To make matters worse, as you’ve patiently squatted next to this precarious tower of pots, vainly trying to protect the micro flame from gusts of wind, you’ve got chilled to the bone. Its a major risk when cycling in cold weather. All-in-all, it’s a bit counterproductive.

Taking a break on a bike ride

In the time it takes your mate to realise they’ve forgotten to pack a lighter, you’ve unscrewed the lid on your flask and tucked into the piping hot sausage and beans made in the comfort of a warm kitchen before setting out. When you’ve done dining like a King (or Queen), lid back on, no mess. Couldn’t be simpler.

Even the weight weenies might want to consider a flask.

Cookset Thermos
Titanium Mug and Lid -98g Thermos – 350g
Stove – 45g Spork – 11g *
Lighter (clipper) – 16g
Gas Cylinder – 200g
Spork – 11g
Total – 370g Total – 361g

* instead of the folding metal spoon that comes with the flask

a selection of camping spoons

spork in the middle at a skimpy 11g

#5 Save money

I suspect that most people are tightening belts and looking for savings. Whether you’re looking to take food or drink a flask is an excellent option for those on a budget.

Starting with flasks meant for fluids.

I found a range of good Thermos flasks of varying sizes for between £13 and £22. Alpkit stock one for under £10, so it’s worth shopping around.

Let’s do some maths.

A plain Americano from a generic chain brand is around £1.95. The exact same coffee made at home will set you back between 15-30p depending how strong you like it. In other words, you only need to buy coffee in ‘bucks’ 6 times before you’re better of buying a flask and filling it at home.

Let’s do the same with a food flask.

Even assuming you have a pot and stove already. A simple camp meal, for example, Wayfarer sausage and beans, will set you back £4 for a 300g serving.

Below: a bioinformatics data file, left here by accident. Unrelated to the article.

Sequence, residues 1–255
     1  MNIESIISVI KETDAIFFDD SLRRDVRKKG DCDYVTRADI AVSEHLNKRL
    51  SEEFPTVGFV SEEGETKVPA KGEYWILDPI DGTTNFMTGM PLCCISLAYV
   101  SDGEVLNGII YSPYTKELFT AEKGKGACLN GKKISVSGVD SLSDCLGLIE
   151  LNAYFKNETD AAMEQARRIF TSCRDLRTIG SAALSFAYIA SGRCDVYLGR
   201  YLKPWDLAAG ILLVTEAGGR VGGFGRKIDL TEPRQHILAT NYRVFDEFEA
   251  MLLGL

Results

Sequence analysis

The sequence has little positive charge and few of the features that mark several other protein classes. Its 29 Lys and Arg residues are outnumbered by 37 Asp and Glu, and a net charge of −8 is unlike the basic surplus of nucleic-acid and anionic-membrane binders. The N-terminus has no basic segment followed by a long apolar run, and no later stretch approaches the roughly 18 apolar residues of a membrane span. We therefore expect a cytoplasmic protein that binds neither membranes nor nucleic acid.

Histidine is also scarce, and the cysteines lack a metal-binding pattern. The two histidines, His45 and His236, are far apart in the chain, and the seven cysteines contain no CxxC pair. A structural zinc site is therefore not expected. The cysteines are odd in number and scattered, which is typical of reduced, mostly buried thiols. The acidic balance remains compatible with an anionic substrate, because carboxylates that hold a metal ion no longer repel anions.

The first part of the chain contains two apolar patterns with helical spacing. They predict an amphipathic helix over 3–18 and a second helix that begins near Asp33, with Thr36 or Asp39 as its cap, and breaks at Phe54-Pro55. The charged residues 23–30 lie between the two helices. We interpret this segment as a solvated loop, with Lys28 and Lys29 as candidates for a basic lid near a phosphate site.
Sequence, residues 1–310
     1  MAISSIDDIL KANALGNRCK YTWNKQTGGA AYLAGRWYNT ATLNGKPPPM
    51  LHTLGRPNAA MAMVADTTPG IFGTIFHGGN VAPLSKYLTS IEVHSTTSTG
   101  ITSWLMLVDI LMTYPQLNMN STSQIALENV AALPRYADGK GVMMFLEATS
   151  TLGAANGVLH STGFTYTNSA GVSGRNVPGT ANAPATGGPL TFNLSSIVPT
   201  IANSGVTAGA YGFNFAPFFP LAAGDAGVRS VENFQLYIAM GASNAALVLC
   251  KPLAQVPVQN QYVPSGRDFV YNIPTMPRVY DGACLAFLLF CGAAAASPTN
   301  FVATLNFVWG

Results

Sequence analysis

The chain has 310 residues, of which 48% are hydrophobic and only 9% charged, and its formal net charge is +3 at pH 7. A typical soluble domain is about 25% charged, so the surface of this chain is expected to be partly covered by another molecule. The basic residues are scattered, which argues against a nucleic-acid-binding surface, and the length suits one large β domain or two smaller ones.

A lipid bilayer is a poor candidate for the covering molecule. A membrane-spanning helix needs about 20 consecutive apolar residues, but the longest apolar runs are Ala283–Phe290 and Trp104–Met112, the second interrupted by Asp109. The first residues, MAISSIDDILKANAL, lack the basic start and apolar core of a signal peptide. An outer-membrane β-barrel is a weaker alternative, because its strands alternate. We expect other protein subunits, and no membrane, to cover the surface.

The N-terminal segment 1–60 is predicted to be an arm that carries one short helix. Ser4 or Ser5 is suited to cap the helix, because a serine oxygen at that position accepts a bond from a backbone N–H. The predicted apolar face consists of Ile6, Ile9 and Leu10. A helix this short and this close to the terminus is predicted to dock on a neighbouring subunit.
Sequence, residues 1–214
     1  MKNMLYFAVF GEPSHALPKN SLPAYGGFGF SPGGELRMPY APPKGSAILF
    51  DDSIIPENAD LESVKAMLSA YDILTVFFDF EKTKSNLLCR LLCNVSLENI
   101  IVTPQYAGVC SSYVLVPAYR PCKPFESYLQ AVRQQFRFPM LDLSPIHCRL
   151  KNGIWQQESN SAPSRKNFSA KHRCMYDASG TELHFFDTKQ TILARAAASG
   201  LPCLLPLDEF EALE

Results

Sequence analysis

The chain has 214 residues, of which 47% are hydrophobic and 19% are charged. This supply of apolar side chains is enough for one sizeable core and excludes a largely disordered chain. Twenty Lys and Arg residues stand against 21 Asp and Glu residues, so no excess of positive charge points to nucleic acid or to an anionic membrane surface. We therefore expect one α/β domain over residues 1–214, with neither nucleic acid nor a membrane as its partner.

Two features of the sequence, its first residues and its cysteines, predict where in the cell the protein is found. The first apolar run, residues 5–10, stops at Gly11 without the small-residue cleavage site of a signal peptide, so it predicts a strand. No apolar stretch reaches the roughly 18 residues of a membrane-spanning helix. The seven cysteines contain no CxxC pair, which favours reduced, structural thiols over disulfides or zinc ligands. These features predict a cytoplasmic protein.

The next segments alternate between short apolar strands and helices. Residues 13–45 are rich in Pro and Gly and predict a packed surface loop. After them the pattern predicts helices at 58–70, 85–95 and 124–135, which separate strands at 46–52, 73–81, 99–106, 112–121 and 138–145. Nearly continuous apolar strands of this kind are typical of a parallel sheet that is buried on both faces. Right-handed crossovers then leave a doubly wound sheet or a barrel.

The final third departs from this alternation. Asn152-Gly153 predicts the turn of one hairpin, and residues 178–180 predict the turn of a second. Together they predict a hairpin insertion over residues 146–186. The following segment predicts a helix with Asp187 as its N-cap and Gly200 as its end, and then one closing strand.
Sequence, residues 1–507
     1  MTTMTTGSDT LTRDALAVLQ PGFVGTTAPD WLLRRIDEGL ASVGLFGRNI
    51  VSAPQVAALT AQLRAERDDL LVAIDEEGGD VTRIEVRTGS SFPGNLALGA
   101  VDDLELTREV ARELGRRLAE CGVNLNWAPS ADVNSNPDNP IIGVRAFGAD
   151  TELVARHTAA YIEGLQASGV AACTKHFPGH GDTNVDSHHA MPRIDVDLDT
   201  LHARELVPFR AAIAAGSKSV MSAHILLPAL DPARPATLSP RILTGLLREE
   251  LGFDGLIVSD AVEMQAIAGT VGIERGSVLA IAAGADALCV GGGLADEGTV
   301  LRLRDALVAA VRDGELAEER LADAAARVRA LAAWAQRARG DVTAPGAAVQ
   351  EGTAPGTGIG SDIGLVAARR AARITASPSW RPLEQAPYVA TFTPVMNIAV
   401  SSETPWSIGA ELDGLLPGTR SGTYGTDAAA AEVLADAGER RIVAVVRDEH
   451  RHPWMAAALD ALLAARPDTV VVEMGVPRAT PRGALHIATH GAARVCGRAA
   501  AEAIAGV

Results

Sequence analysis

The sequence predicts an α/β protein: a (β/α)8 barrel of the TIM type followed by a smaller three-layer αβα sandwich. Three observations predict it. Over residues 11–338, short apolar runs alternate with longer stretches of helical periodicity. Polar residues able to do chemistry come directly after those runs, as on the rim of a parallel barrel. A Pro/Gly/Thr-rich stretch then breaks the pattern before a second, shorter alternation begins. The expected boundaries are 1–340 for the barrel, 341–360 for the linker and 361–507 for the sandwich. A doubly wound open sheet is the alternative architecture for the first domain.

cost effective food solutions

cost effective solutions

Prepared at home, the same meal using a can of Heinz beans (70p) and veggie sausages (73p -for two) is £1.43 for 500g. If you’re not a vegetarian, then it’s even more straightforward. A can of Heinz sausage and beans costs £1.25 for 415g.

Wayfarer Sausage and Beans £1.33 per 100g
Veggie Sausage and beans 29p per 100g
Heinz Sausage and beans 30p per 100g

In other words, buy a flask and eat homemade sausage and beans and you’ve not only covered your initial outlay, but you’ve also saved £2.84 in just eight servings.

The final word

As you may have noticed, I’m a big fan of the humble flask. I think they make all the difference when cycling in the cold.

If you’re not planning to go out overnight – a flask might meet all of your needs and while I would never say ‘buy a flask instead of a stove’, I will say if you can afford one, they make a great addition to your adventure arsenal.

Not all flasks are created equally though, so its worth taking a little time deciding what’s right for you and what features you’re looking for – features like, a wide neck thats better for food storage, or a technical lid so you can pour coffee quickly and easily?

Alec is a serial biker, having dabbled in road, TT, mountain biking and gravel. If he's not riding, or dreaming of riding, he can be found in the shed tinkering…